Theodor Dannecker

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Theodor Dannecker (27 March 1913 in Tübingen – 10 December 1945 in Bad Tölz) was an SS Hauptsturmführer (captain) and one of Adolf Eichmann's associates.

Early life

After completing trade school, Dannecker first worked as a textile dealer, until he became a member of the Nazi Party and the SS in 1932.[1]

Career in the Nazi Party

The internment camp at Drancy, outside Paris, where Jews were confined until they were deported to the death camps.

In 1934, Dannecker became a member of the SS-Verfügungstruppe, a special combat support force, and a year later in 1935, he also became a member of the Sicherheitsdienst (SD) (SD, Security Service was primarily the intelligence service of the SS and the Nazi Party in Nazi Germany). In March 1937 came Dannecker's transfer to the Judenreferat (Department of Jewish Affairs) in the SD's main office.[1] From September 1940 until July 1942, Dannecker was leader of the Judenreferat at the SD post in Paris, where he ordered and oversaw round ups by French Police. More than 13,000 Jews were deported to Auschwitz concentration camp where most died in the Final Solution.[2]

The Final Solution

Owing to misuse of his position, partially due to his theft of German confiscated property, he was ordered back to Berlin in August 1942. From January 1943 Dannecker was the highest German official in charge of the Final Solution, in all the Bulgarian territories.[3] During March 1943 11,343 Jews were deported from the German occupied Bulgarian annexed territories of Greece and Yugoslavia to Auschwitz and Treblinka. Only 12 survived.[4] His attempt to deport Jews with Bulgarian citizenship from old Bulgaria, a collaborationist ally, failed due to widespread opposition led by Boris III of Bulgaria; the heads of the Bulgarian Orthodox Church, Metropolitan Bishops Stephan from Sofia and Kiril from Plovdiv; and by prominent politicians such as vice-president of the parliament, Dimiter Peshev. Dannecker continued to deport Italian Jews between September 1943 and January 1944, when Italy surrendered to the Allies and Germans occupied Italy. Before the occupation Benito Mussolini refused to turn over Jews to the Nazis except those areas annexed or occupied by the Italians in the Balkans. After Germany had occupied Hungary, Dannecker and the Hungarian establishment (not the Arrow Cross, which came to power only in October 1944) deported more than a half a million Hungarian Jews between early 1944 and summer of the same year.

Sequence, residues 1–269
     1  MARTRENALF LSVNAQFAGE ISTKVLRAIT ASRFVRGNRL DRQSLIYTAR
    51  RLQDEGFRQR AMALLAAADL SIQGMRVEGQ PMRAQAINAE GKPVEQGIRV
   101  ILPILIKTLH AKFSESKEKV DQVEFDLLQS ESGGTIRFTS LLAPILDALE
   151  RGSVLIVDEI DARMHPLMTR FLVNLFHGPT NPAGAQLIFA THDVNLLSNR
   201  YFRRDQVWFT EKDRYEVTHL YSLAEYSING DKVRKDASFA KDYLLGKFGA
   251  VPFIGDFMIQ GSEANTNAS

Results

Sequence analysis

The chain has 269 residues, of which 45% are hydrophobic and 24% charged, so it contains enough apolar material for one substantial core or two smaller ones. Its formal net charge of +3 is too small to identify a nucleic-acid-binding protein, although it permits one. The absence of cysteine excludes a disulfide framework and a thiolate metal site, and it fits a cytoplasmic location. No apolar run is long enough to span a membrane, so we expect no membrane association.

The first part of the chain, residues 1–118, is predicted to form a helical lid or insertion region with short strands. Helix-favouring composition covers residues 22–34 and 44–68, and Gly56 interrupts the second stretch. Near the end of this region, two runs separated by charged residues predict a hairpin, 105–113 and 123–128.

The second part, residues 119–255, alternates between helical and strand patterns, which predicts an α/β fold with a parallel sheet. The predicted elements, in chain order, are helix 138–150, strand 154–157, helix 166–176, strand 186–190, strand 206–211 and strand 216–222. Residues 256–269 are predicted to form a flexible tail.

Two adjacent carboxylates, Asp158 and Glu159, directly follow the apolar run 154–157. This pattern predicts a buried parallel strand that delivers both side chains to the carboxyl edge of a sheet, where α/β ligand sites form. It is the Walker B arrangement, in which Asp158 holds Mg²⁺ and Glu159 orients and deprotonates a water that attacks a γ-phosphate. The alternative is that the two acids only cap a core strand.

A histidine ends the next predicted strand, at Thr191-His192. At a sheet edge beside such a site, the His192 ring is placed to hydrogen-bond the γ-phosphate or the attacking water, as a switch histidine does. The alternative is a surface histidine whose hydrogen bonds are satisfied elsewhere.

Dannecker developed under Adolf Eichmann into one of the SS's most ruthless and experienced experts on the "Jewish Question", and his involvement in the genocide of European Jewry was one of primary responsibility.

A passage from a 1942 report by Dannecker illustrates how the “Jewish Question” was handled in France:

Subject: Points for the discussion with the French State Secretary for Police, Bousquet... The recent operation for arresting stateless Jews in Paris has yielded only about 8,000 adults and about 4,000 children. But trains for the deportation of 40,000 Jews, for the moment, have been put in readiness by the Reich Ministry of Transport. Since the deportation of the children is not possible for the time being, the number of Jews ready for removal is quite insufficient. A further Jewish operation must therefore be started immediately. For this purpose Jews of Belgian and Dutch nationality may be taken into consideration, in addition to the former German, Austrian, Czech, Polish and Russian Jews who have so far been considered as being stateless. It must be expected, however, that this category will not yield sufficient numbers, and thus the French have no choice but to include those Jews who were naturalized in France after 1927, or even after 1919.[5]

Dannecker's first girlfriend, Lisbeth Stern, was Jewish.[6]


In December 1945, Dannecker was arrested by the United States Army, and a few days later he committed suicide.


  1. 1.0 1.1 Cesarani 2005, p. 127.
  2. Cesarani 2005, pp. 138–139.
  3. Todorov 1999, p. [page needed].
  4. Todorov 1999, p. 9.
  5. "Eichmann trial - The District Court Sessions". Nizkor Project. 9 May 1961. Retrieved 23 December 2013.<templatestyles src="Module:Citation/CS1/styles.css"></templatestyles>
  6. Steur 1997, p. 15.


  • Cesarani, David (2005) [2004]. Eichmann: His Life and Crimes. London: Vintage. ISBN 978-0-09-944844-0.CS1 maint: ref=harv (link)<templatestyles src="Module:Citation/CS1/styles.css"></templatestyles>
  • Steur, C. (1997). Theodor Dannecker: Ein Funktionaer der Endloesung (in German). Essen: Klartext.CS1 maint: ref=harv (link) CS1 maint: unrecognized language (link)<templatestyles src="Module:Citation/CS1/styles.css"></templatestyles>
  • Todorov, T. (1999). The Fragility of Goodness: Why Bulgaria's Jews Survived the Holocaust. London: Weidenfeld and Nicolson.CS1 maint: ref=harv (link)<templatestyles src="Module:Citation/CS1/styles.css"></templatestyles>